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Copyright (c) 1999 NAFTA: Law and Business Review of the Americas
NAFTA: Law and Business Review of the Americas

ARTICLE: NAFTA's Article 1110 - Can Regulation be Expropriation?

Autumn, 1999

5 NAFTA L. & Bus. Rev. Am. 499


Kevin Banks *


In recent months, a number of corporate investors in Canada, the United States, and Mexico have filed claims seeking compensation for economic losses that they allegedly suffered as a result of environmental laws and other regulatory measures. These claims have sparked considerable debate and controversy. n1 Environmental and labor groups argue that such claims pose a fundamental challenge to a government's ability to regulate private economic activity in the public interest. n2 Some trade lawyers have defended the suits as simply enforcing an international obligation to compensate foreign investors for the expropriation of their property. n3 Others, however, have expressed concern that using NAFTA's chapter 11 to challenge the traditional regulatory functions of government could lead to a political backlash and that, in response, governments may adopt a restricted interpretation of the chapter or eliminate it altogether. n4 The Canadian government has proposed that NAFTA member countries adopt an interpretation of chapter 11's expropriation provisions, which would exclude "normal regulation" from their reach. n5 However, Mexico has expressed hesitancy concerning this proposal. n6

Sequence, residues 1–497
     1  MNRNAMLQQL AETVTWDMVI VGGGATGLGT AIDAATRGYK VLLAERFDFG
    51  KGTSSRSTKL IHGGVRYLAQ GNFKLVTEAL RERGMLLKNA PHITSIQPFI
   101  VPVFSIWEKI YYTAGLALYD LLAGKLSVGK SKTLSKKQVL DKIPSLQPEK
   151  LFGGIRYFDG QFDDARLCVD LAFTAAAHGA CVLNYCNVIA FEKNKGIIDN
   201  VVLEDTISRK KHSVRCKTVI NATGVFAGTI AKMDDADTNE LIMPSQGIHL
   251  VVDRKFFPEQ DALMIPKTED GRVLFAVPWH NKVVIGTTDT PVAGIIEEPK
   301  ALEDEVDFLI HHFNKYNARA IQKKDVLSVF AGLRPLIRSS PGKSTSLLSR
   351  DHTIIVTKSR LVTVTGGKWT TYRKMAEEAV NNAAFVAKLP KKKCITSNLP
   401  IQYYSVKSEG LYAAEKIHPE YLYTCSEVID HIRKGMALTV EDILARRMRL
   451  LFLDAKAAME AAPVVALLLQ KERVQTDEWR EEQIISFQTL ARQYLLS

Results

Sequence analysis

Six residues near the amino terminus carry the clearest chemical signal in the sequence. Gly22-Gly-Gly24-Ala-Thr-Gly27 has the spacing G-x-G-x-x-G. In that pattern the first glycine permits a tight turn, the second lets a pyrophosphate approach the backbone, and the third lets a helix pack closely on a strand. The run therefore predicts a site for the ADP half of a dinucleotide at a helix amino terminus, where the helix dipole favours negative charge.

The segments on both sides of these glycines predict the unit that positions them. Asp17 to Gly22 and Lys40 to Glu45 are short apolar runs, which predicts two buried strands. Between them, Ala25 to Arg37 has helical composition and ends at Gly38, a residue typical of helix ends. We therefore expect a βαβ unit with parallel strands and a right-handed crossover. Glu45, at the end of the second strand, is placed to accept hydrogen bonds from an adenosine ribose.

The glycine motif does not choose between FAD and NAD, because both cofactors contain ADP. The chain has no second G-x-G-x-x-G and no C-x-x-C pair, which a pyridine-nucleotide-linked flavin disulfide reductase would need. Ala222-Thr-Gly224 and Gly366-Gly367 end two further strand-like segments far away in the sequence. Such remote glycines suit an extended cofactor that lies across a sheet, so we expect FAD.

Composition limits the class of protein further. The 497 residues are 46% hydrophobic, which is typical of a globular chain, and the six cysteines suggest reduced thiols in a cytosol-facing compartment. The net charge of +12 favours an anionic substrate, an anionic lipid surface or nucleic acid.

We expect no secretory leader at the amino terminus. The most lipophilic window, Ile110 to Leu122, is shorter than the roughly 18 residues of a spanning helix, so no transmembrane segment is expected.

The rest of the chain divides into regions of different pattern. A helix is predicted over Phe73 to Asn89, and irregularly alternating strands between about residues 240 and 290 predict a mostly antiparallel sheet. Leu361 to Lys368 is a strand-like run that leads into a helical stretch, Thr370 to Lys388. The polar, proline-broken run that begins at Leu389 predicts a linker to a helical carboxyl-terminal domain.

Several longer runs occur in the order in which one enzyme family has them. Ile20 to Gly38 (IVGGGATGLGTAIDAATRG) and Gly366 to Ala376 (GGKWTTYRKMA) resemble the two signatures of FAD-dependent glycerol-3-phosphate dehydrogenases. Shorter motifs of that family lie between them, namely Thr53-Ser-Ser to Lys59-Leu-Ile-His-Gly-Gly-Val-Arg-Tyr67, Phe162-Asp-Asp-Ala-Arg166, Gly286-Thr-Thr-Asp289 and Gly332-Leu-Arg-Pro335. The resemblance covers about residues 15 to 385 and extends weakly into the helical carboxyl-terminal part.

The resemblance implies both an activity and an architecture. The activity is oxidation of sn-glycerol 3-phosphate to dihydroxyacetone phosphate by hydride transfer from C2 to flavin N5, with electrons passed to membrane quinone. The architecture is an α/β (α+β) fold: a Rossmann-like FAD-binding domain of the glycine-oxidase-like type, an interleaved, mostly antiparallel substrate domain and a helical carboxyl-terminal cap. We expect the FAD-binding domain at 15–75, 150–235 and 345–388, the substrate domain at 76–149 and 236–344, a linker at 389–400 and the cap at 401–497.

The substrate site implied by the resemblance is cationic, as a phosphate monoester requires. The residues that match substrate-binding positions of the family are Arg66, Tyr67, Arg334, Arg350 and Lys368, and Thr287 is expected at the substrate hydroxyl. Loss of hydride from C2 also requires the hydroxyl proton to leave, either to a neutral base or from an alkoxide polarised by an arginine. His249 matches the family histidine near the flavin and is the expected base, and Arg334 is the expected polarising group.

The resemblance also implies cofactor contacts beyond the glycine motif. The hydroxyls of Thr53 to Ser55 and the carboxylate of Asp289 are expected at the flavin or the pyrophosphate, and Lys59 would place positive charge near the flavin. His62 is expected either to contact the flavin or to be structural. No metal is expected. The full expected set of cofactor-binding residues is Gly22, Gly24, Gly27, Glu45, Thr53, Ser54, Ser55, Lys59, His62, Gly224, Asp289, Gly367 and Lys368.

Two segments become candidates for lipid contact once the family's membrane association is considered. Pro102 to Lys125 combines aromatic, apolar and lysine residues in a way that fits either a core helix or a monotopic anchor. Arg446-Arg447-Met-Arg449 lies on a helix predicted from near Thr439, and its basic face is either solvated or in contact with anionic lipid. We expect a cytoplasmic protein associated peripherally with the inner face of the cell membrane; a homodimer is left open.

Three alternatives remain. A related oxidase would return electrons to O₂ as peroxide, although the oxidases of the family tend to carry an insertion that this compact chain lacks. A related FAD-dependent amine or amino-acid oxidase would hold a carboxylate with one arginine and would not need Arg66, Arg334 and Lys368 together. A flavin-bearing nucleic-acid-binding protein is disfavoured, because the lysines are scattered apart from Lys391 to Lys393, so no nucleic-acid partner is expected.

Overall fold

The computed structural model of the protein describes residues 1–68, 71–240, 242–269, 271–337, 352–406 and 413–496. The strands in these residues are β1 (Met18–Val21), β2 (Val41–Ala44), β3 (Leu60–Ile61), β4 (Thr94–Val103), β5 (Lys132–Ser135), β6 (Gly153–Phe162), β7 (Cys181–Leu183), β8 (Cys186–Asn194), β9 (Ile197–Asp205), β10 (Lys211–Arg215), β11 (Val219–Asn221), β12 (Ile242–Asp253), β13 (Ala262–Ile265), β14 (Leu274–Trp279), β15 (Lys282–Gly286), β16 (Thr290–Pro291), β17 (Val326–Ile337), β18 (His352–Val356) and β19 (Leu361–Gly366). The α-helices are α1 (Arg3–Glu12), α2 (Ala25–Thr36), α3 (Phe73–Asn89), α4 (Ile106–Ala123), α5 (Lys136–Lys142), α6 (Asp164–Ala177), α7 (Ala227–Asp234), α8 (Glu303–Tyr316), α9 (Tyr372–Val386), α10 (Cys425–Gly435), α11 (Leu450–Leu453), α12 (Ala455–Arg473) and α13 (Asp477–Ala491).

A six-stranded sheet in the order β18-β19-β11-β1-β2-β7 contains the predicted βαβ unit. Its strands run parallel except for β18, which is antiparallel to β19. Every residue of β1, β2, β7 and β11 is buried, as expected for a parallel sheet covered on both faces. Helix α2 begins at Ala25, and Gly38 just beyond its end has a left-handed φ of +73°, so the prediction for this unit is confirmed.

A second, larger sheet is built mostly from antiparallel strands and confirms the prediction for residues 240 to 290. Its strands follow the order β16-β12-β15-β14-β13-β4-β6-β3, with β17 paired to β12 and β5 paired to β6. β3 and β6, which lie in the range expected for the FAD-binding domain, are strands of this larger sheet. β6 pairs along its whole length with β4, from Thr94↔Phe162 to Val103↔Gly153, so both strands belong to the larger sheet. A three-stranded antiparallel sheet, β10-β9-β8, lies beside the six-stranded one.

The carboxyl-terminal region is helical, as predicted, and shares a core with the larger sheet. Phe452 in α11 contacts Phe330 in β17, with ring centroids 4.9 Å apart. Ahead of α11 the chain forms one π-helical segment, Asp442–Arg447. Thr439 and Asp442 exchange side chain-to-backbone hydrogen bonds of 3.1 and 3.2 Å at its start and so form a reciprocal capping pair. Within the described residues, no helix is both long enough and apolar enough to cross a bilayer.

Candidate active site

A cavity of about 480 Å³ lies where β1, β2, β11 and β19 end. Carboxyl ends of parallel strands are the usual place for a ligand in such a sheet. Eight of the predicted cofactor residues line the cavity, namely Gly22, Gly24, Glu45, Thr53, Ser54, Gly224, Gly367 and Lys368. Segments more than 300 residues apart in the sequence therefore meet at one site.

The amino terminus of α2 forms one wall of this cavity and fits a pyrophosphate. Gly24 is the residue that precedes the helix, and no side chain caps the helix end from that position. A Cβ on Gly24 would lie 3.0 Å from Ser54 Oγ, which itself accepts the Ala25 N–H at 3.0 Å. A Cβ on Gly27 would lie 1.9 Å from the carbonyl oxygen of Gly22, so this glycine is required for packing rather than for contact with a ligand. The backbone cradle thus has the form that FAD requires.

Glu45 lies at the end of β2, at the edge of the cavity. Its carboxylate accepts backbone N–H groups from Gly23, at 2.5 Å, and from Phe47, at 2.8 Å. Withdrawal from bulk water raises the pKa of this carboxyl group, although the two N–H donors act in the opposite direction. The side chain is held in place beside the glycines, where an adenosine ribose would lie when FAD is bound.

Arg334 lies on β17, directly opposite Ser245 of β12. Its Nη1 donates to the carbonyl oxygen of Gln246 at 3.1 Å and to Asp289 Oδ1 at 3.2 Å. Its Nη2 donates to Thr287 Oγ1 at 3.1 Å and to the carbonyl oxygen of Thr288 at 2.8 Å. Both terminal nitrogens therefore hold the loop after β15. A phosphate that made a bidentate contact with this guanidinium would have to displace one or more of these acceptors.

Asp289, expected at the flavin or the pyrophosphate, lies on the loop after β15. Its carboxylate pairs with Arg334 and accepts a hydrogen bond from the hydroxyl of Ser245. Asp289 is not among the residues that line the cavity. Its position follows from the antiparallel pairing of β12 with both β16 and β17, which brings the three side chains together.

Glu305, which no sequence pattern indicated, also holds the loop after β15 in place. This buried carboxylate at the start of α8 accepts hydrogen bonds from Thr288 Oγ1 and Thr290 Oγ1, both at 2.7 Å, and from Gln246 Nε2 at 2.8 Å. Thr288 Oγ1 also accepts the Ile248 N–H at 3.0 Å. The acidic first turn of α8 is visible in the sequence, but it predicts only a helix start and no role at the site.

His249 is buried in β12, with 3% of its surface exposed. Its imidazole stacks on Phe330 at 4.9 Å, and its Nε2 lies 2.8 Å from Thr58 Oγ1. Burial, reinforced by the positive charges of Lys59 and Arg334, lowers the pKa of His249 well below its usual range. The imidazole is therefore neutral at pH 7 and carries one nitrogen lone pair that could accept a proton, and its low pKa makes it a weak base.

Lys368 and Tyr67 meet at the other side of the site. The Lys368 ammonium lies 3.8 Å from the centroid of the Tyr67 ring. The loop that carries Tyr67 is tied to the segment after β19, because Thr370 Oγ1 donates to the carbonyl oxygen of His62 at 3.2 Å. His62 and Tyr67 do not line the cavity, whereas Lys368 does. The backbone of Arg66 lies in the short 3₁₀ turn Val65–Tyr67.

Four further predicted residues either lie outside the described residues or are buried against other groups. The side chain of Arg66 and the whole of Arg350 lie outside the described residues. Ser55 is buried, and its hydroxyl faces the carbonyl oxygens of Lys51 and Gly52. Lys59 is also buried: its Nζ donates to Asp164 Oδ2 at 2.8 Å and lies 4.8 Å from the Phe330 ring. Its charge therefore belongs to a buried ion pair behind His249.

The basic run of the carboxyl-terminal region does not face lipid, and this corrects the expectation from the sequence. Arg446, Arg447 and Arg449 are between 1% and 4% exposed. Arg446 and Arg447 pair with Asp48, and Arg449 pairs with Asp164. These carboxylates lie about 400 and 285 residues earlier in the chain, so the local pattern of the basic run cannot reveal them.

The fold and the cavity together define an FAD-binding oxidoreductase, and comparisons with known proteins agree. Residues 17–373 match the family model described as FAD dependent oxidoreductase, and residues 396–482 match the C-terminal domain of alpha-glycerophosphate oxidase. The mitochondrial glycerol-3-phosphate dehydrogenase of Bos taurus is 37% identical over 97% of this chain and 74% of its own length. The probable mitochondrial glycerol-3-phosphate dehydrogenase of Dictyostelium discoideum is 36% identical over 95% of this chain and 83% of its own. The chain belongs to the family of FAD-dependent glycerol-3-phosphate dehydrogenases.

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n1 See U.S. Firm Brings NAFTA Investor Suit Against Canadian PCB Export Ban, [Vol. 5, No. 23] AM. TRADE, Nov. 12, 1998, at 1, 12 (describing filing by a coalition of environmental non-governmental organizations and the Canadian Labour Congress with the Commission for Environmental Cooperation in response to a chapter 11 investor claim); see also Newest Investor-State Case in Canada Targets Softwood Lumber Accord, [Vol. 6, No. 4] AM. TRADE, Feb. 25, 1999, at ...
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